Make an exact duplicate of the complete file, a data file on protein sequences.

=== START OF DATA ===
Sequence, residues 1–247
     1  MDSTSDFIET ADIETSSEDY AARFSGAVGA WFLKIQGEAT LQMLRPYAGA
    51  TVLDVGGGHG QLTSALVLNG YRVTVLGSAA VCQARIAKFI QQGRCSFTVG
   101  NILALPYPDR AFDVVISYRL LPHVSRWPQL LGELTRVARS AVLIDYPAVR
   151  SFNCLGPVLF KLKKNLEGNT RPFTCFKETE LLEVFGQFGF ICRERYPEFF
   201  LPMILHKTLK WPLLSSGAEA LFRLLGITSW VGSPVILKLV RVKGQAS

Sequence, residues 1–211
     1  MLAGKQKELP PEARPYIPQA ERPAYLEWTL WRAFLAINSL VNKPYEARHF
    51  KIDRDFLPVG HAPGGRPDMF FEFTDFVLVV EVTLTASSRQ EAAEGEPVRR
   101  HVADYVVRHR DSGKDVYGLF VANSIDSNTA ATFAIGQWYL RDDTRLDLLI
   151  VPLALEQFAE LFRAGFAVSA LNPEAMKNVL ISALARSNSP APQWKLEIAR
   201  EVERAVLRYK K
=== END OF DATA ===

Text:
Sequence, residues 1–247
     1  MDSTSDFIET ADIETSSEDY AARFSGAVGA WFLKIQGEAT LQMLRPYAGA
    51  TVLDVGGGHG QLTSALVLNG YRVTVLGSAA VCQARIAKFI QQGRCSFTVG
   101  NILALPYPDR AFDVVISYRL LPHVSRWPQL LGELTRVARS AVLIDYPAVR
   151  SFNCLGPVLF KLKKNLEGNT RPFTCFKETE LLEVFGQFGF ICRERYPEFF
   201  LPMILHKTLK WPLLSSGAEA LFRLLGITSW VGSPVILKLV RVKGQAS

Sequence, residues 1–211
     1  MLAGKQKELP PEARPYIPQA ERPAYLEWTL WRAFLAINSL VNKPYEARHF
    51  KIDRDFLPVG HAPGGRPDMF FEFTDFVLVV EVTLTASSRQ EAAEGEPVRR
   101  HVADYVVRHR DSGKDVYGLF VANSIDSNTA ATFAIGQWYL RDDTRLDLLI
   151  VPLALEQFAE LFRAGFAVSA LNPEAMKNVL ISALARSNSP APQWKLEIAR
   201  EVERAVLRYK K